In this post, we will understand how to filter digital and analog inputs in a PLC.

As the topic says, filtering is a means to remove unwanted spikes in the signals received in PLC. Its role is to eliminate the fluctuations and pass only proper signal changes at a particular time to the PLC.

Inside a PLC, the filter circuitry comes first and then comes the PLC input processing circuitry, which accepts the final filtered input and uses it for its logic.

## PLC Digital Input Filters

Let us first consider the digital input. The role of input with a filter is to accept a digital field input and pass it to a processing circuit through the filter.

If you see the below image, there are two parts.

First of all, the green circle indicates that the input change will be passed and the red circle shows that the input change will not be passed.

In the first (above) part, there are two changes where there are many fluctuations and that input changes will be bypassed.

There are two changes where there are no fluctuations and that input change will be passed to the processing circuit. The same is the theory with the second (below) part. This is possible by filtering.

Filtering is defined by a factor or time. Suppose you set a time of 3 ms. The role of the filter is to accept only that input change that stays higher than 3 ms.

If the input changes before 3 ms, then that input will not be considered and will be ignored. This means that short and high-frequency interference pulses will be neglected.

This logic is the same as a debounce timer that we write in the PLC logic.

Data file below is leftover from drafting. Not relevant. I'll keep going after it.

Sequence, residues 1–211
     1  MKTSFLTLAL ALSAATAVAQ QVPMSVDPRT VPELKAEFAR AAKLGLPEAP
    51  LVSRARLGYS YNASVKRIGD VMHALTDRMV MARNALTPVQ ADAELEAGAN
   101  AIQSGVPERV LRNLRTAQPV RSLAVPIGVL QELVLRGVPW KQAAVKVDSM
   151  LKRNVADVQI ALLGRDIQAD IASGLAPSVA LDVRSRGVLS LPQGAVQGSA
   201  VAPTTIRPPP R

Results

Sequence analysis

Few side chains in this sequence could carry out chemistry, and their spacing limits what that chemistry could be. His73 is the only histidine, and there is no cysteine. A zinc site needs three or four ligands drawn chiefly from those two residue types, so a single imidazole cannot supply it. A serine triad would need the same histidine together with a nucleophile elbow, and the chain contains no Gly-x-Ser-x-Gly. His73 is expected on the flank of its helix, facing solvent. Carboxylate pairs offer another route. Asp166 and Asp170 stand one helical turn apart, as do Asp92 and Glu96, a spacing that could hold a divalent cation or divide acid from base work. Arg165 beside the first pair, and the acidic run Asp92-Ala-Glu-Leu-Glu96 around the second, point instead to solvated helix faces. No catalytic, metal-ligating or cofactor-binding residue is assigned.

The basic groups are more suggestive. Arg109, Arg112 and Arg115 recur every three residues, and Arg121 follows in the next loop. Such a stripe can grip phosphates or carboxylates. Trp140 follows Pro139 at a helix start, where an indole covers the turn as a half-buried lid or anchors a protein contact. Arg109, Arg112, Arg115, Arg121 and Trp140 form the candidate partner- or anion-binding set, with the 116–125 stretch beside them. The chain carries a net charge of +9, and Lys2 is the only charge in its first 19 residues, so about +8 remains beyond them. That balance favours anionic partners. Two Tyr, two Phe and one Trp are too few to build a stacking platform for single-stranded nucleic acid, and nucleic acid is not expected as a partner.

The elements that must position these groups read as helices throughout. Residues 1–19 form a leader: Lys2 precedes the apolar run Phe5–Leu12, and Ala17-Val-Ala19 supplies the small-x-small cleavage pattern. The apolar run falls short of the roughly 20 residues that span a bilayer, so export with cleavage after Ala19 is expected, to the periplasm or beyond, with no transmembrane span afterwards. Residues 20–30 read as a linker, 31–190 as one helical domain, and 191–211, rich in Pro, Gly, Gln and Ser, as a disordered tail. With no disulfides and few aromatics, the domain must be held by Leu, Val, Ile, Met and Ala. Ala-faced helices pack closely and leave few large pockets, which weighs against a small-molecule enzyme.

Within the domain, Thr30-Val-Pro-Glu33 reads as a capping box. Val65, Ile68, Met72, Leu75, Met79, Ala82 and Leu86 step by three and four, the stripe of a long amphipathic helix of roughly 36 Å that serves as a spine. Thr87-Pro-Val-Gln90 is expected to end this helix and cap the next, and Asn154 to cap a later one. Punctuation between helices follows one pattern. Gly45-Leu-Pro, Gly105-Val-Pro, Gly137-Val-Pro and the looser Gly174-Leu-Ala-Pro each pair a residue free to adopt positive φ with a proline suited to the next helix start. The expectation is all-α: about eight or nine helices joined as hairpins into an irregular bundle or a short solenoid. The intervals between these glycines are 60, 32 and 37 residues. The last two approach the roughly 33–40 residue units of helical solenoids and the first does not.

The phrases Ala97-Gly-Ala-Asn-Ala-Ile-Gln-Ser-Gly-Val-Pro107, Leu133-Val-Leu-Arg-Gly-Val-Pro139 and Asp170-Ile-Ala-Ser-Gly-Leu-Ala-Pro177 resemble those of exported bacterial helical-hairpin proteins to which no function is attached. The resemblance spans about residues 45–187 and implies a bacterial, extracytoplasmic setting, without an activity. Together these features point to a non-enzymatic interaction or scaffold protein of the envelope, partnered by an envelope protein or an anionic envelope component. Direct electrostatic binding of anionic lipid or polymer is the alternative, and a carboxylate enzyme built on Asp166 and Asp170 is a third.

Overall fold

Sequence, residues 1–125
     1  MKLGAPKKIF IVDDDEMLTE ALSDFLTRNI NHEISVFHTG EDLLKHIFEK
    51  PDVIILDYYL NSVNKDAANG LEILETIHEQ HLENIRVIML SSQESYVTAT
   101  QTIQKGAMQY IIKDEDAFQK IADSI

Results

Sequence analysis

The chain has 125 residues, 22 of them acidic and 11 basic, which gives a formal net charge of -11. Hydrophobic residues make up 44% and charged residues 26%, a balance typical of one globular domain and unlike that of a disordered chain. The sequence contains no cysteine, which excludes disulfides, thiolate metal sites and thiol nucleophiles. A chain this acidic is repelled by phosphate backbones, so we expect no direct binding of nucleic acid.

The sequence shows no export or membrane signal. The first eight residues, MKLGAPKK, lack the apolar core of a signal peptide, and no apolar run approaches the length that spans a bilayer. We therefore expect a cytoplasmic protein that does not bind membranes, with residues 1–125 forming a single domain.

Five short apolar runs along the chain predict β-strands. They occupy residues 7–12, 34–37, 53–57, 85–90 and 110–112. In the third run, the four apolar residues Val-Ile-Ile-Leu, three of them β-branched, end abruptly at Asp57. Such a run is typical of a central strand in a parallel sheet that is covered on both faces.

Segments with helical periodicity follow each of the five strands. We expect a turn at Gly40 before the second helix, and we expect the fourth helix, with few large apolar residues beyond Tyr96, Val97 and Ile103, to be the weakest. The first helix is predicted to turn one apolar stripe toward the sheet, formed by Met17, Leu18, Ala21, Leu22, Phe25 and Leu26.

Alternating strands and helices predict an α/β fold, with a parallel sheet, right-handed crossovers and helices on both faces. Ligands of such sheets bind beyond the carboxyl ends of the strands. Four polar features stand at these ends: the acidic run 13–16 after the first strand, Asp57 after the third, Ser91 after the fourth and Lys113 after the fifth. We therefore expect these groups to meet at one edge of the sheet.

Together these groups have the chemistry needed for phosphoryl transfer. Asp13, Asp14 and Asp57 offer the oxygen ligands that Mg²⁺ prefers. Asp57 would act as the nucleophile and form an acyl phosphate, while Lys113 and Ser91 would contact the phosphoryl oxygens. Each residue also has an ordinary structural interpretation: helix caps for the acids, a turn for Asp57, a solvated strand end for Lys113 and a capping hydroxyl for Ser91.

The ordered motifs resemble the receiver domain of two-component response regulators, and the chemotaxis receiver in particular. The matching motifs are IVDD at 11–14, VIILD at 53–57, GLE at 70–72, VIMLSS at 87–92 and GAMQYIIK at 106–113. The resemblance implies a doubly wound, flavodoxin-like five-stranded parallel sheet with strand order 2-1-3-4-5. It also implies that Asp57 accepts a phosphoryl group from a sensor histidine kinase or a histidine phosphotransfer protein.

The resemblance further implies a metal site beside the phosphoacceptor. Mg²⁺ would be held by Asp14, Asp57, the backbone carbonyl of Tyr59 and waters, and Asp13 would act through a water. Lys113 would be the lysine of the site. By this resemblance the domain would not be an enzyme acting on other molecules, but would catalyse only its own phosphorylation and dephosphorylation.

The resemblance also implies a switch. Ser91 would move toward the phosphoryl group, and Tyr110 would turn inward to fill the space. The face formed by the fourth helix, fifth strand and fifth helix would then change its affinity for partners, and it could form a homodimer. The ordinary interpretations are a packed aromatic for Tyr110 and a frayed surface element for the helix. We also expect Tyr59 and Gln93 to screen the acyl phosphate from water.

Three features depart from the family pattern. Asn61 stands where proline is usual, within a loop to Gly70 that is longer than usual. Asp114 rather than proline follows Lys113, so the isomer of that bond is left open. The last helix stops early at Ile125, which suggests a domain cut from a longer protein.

In the below image, the lamp will turn on only when the start button input remains high for 3 seconds.

This is the same logic used in a digital pass filter. It will pass on the input change to the processing part only when that input maintains a state (high or low) for the set time.

Apart from time, as discussed, some PLCs have the option of setting a factor instead of time.

The factor calculates the internal time and decides the level of filtering. Higher the factor value, the higher the filtering power.

Now, let us see the filtering in analog inputs. As analog inputs are variable in nature, the filter logic for them cannot be implemented the same as for digital inputs.

So, in analog inputs, averaging logic is used. The filter will average the values attained in a particular set time and give an average final value for that time.

Refer to the below image for the study.

The first one – the blue color has a factor of 1.

The second one – the green color has a factor of 2.

The third one – the orange color has a factor of 3.

The fourth one – the brown color has a factor of 4.

As the value of the filter factor increases, you can see that the shape of the signal improves by filtering the signal at a sharper value.

In a set time, the filter will average the values that it gets from the input; and based on formulas used inside it, it will give the final average output per time.

So, as the filter factor or weightage is increased, we get a finer value of an analog signal with less interference. Normally, a first-pass filter is used for this purpose.

In this way, we conclude that filtering is of great use in reducing unwanted noise from the field input and passing proper values, which will also protect the PLC input circuit from damage; if any high or unwanted spikes occur.